Everything designed to remain in long term support, given their penchance for updating every decade or so.

    They were significantly cheaper than these devices and did everything needed and did it well.

    But I was putting thin client devices with Win CE or early version of Linux in way back in the early-mid 2000's.

    I think Amazon have missed the point of them - cheap and cheerful devices that are at a throwaway price. For this price you can just buy a cheap entry level laptop and turn it into a thin client for less.

  4. Peter Gathercole Silver badge

    I never really understood why a computing model arranged around large tablet computers with keyboards and mice never took off in offices, let alone home environments.

    If you look around, you can see reasonably spec'd android tablets from around the £100 mark retail, and some of these come with keyboards bundled. OK, the screen is a bit small and the keyboard is generally crap, but you can use as good a USB keyboard and mouse as you want. I cannot imagine that in this day and age of cheap LCD panels, marrying up a 16" or larger full HD panel to the electronics in a cheap tablet would be hugely more expensive at scale.

    With the rise of VPNs and office applications delivered through a browser, I cannot understand why these have not dominated basic workstation deployments. I mean, it's not as if a majority of people with screens and keyboards on their desk in a call centre or basic office job actually use more than a fraction of the power of their Windows PC. Put these devices on every desk, and make them fixed with the user's environment mobile, as in the days of disk-less workstations and X terminals, any you have not tied people to a desk because the PC has 'their' setup. The way things are going, companies will be paying for monthly subscriptions to remote office applications anyway, even if they have a small form PC or laptop.

    Seems to me that you could provision a fixed workstation at a much lower price than even the small/mini/micro PC's that appear to be appearing on the desks of offices, and probably have much lower maintenance costs as well.

    Of course, some people need more mobility, and thus something more like a full laptop, but I'm sure a lot of basic users leave their jobs behind in the office when they leave for the day.

    1. Peter Gathercole Silver badge

      Actually, I suppose I can. I've really described a Chromos laptop haven't I, and these things exist and sell in quite large numbers.

      I guess it's businesses obsession with Windows that is preventing it.

    2. doublelayer Silver badge

      I can't really see why a business should bother. You can run everything on a $100 Android tablet, but not very well, which means you'll probably end up outsourcing some of it to a remote desktop somewhere. If you're doing that, why not spend slightly more on the computer and have most or all of that run on that instead? Similarly for the choice between a tablet and a laptop. Why use a cheap tablet and separate peripherals when, for around the price of all that stuff, you can buy a laptop which has all of those and is more easily transportable?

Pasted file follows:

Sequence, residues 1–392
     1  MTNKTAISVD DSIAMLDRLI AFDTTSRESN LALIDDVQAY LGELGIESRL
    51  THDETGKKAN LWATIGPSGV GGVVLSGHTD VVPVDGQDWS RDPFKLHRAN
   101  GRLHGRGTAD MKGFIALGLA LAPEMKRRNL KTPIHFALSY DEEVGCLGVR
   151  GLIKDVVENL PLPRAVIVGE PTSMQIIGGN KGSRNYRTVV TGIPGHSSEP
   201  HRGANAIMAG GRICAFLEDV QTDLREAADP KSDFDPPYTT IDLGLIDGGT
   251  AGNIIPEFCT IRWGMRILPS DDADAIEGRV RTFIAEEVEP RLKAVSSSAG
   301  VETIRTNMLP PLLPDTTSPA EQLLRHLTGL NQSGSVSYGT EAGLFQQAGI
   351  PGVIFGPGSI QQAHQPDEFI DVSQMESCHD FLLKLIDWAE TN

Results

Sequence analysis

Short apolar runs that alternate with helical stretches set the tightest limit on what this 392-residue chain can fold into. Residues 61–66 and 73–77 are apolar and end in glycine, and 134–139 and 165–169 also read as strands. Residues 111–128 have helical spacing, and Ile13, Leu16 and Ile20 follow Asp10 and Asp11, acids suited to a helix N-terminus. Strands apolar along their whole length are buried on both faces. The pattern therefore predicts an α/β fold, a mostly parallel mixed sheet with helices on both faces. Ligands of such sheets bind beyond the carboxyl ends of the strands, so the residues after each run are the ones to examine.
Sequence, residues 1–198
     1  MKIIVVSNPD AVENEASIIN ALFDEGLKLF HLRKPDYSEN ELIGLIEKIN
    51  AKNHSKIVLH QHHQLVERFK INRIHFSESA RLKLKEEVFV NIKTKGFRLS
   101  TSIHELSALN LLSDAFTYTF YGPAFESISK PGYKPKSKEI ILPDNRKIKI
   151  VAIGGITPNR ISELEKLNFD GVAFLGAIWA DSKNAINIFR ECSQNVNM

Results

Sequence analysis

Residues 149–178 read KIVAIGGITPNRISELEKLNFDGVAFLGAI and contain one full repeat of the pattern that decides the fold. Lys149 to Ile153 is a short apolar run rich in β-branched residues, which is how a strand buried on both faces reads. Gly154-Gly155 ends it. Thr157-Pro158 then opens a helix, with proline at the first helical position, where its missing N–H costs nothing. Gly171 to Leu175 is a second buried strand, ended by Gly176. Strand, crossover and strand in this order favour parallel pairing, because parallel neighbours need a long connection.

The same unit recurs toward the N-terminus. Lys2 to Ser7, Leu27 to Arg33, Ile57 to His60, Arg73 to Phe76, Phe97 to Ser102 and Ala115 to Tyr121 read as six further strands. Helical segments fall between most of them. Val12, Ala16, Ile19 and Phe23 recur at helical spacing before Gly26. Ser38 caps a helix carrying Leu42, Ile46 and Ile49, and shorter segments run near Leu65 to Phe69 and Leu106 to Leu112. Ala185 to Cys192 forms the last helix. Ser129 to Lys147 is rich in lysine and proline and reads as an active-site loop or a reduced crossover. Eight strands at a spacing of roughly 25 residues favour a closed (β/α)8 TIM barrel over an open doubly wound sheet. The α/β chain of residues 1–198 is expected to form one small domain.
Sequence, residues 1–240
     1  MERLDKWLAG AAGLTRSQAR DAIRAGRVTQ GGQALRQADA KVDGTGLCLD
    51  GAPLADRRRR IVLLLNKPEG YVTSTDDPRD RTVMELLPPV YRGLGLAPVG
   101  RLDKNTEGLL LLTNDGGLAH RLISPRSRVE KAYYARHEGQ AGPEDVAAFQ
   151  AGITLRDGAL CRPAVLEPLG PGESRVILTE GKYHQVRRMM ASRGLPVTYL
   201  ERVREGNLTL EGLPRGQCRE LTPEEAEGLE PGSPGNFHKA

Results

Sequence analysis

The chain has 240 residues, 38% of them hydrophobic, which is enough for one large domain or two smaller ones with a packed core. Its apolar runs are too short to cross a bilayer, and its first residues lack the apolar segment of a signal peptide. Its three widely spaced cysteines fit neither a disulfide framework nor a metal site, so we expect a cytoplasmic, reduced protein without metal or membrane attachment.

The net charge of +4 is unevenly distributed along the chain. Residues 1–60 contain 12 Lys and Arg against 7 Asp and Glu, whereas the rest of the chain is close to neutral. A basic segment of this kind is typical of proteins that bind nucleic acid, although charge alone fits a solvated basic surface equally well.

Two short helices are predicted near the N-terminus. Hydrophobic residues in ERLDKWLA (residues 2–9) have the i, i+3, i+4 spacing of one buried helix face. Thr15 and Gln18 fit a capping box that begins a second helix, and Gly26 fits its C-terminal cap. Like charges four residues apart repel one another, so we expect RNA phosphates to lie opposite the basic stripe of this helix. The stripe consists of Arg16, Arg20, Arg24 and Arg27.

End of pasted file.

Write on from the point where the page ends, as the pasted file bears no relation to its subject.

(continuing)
I imagine that any cost savings on the hardware will be wiped out by getting all the software to run well in an Android environment and more frequent hardware replacement. I, for one, do not want my business software running on the average Android tablet running who-knows-what software, no security updates, and no ability to apply a reasonable corporate standard to the above. Not to mention that many businesses are willing to buy laptops, Windows, Mac, or Chrome OS, that are much more expensive than they really need. If they're willing to pay 50% more than they need to, maybe the cost savings on a one-off purchase for several years isn't very concerning to them.

  5. thondwe

    Overcrowded Niche?

    So another entry in the overcrowded niche for thin clients - always as expensive as a low end laptop and pretty useless without an network connection - add a monitor - who's going to want to use their own TV and a keyboard etc...

    Yes I get security, but If you want to do this - why not just get into the "refurbished" laptop market and stick chromos on them?

    1. TonyJ

      Re: Overcrowded Niche?

      Honestly I've never been a fan of any kind of VDI based solution.

      Does it have niche use cases? Sure.

      But - you are taking the complexity of a workstation based OS and adding in the complexity of server backend, and usually need to provide performant storage and network backend on top of it.